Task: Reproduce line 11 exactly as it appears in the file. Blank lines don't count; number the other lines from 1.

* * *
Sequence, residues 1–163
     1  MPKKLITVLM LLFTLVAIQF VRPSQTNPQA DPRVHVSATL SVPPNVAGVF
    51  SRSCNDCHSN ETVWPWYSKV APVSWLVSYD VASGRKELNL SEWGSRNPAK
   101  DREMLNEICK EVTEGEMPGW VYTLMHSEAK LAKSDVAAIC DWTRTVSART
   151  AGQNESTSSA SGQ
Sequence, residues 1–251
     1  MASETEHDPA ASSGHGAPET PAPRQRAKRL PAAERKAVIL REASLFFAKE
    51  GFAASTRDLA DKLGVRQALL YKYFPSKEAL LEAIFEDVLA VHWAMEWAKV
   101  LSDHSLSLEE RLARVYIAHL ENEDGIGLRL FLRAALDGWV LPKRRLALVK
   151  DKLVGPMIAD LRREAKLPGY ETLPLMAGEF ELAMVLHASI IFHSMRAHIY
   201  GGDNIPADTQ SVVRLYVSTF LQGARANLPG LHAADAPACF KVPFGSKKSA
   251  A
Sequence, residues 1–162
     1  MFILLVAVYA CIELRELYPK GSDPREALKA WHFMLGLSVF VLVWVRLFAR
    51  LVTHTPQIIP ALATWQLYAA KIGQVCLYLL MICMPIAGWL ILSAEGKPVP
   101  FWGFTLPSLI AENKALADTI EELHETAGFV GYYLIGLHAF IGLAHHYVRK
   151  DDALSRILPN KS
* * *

   201  GGDNIPADTQ SVVRLYVSTF LQGARANLPG LHAADAPACF KVPFGSKKSA